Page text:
Association

In summary, the Association argues that the City did not have just cause and failed to provide evidence that would justify a written warning, or any discipline, to Grievant. The testimony of the Deputy District Attorney was an effort by the City to distort the issue. Deputy District Attorney Grube testified he would not be able to prosecute. He did not testify that Grievant did not have probable cause to arrest. The burden of proof necessary for an arrest and that to file charges is different. Probable cause amounts to more than a bare suspicion but less than evidence that would justify a conviction, citing Spinellis v. United states, 393 U.S. 410 (1969), Draper v. United states, 358 U.S. 307 (1959), Carroll v. United States, 267 U.S. 132 (1925), United States v. Mancillas, 580 F.2d. 1302 (2nd CIR. 1978), and State v. Paszek, 50 Wis.2d 619 (1971). It is not uncommon for an officer

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to make an arrest and for the prosecutor to refuse to issue charges. Officers can arrest under '968.07, Wis. Stats., but can later determine the person should be released under '968.08, Wis. Stats. The Legislature was aware of situations when an arrest may be made on limited information at the scene, and later allowed time to analyze the situation and the law and consult counsel, later determining to release the person. And, the Deputy District Attorney and all other officers who testified admitted the showing of actual abuse was not required for child abuse under '948.21(2), Wis. Stats. While the District Attorney may not have been comfortable prosecuting Bjork, the testimony did not show Grievant acted in bad faith or was without probable cause to arrest Bjork.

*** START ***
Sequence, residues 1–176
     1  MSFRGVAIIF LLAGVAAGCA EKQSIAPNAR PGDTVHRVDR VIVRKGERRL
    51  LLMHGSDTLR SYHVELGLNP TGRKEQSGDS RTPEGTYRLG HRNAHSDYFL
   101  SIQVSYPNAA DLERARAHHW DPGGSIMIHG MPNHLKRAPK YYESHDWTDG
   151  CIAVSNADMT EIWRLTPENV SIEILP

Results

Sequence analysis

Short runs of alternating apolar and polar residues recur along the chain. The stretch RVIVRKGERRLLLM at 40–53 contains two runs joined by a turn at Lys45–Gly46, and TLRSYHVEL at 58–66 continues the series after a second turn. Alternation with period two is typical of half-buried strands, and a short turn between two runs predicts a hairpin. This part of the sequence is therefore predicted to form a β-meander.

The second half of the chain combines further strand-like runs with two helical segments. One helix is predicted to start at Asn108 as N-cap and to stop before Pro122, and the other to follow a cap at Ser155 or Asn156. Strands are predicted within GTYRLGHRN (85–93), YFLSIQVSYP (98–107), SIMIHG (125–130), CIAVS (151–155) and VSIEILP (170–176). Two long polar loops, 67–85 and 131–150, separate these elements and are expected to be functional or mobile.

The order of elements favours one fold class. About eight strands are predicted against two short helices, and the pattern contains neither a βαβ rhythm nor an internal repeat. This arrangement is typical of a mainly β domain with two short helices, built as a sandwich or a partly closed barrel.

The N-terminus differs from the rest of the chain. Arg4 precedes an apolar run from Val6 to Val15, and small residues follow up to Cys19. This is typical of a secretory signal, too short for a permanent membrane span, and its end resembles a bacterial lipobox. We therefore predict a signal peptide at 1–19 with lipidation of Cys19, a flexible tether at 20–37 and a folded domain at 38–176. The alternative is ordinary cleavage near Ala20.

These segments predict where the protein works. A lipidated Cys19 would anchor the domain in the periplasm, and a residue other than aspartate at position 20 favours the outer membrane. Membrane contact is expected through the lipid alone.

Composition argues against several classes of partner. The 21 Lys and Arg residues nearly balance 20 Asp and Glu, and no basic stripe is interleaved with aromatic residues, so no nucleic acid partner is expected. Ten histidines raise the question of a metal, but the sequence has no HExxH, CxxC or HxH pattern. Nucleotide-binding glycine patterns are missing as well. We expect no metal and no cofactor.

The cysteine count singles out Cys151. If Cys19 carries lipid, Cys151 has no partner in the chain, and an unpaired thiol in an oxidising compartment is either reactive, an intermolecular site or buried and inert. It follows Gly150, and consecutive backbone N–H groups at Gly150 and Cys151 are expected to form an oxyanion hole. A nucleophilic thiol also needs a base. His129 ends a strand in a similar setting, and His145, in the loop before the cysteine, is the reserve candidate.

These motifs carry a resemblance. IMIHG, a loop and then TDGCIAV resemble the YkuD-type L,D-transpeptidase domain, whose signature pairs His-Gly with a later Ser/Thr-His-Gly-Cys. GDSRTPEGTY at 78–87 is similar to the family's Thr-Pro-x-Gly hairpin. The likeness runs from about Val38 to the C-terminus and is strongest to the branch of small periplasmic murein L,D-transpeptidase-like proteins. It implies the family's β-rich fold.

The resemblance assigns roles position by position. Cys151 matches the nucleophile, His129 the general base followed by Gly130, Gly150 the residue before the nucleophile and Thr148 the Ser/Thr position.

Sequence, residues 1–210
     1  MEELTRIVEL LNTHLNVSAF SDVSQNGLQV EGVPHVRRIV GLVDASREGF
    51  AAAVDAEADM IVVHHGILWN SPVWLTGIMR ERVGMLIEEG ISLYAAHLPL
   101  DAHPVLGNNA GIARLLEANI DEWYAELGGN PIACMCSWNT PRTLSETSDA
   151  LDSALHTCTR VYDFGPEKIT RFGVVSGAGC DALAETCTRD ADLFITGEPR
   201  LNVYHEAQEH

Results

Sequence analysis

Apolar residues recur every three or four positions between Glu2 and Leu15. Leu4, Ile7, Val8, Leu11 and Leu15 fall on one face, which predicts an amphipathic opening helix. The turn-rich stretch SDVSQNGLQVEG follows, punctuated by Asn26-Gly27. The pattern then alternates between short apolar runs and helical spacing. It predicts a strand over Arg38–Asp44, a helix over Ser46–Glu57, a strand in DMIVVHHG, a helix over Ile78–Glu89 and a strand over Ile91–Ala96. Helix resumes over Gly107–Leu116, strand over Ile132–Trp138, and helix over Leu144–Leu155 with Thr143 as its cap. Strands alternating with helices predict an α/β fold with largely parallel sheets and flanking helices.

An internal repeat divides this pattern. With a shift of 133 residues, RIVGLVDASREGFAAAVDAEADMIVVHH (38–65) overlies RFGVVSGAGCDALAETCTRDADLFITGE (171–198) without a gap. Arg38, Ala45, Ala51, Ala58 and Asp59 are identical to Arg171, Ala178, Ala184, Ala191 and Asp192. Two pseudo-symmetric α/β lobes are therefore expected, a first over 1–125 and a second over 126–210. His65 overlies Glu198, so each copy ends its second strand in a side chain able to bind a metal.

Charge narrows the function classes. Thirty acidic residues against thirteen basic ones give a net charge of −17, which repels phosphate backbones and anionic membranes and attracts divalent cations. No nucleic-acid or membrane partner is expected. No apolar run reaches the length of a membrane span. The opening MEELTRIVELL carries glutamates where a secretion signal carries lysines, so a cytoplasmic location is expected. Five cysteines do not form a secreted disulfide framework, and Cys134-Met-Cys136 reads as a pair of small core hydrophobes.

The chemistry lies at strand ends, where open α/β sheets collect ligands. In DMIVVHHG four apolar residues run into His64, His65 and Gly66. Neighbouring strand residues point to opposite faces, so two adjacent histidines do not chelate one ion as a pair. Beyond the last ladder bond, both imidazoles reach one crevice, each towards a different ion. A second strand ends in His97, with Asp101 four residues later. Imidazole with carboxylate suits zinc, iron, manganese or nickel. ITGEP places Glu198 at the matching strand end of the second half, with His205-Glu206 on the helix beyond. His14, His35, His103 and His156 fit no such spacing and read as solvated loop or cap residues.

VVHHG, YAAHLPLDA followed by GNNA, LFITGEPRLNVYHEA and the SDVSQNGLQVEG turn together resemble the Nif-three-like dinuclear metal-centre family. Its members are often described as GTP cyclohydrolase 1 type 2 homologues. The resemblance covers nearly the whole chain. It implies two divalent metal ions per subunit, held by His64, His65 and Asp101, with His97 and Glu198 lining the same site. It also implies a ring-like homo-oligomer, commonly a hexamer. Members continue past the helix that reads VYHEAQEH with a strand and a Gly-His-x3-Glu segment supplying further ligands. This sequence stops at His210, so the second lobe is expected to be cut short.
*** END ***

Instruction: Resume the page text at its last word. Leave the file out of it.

The Association argues that the Chief of Police failed to meet the standard of just cause as required by the collective bargaining agreement prior to issuing discipline in the form of a written reprimand. The Association refers to the seven tests of just cause found in '62.13(5)(em) for its analysis because this statutory definition is a well established due process model and had been adopted by the City and Association in the collective bargaining agreement to determine if discipline is appropriate. The Chief of Police is following progressive discipline in reference to the prior undocumented counseling, and not conforming to the collective bargaining agreement just cause standard. There is no reference to progressive discipline theory in the collective bargaining agreement. Future violations could possibly bring severe discipline under the progressive discipline doctrine. The Association asks that the just cause standard of '62.13(5) (em) as voluntarily adopted by the parties be used.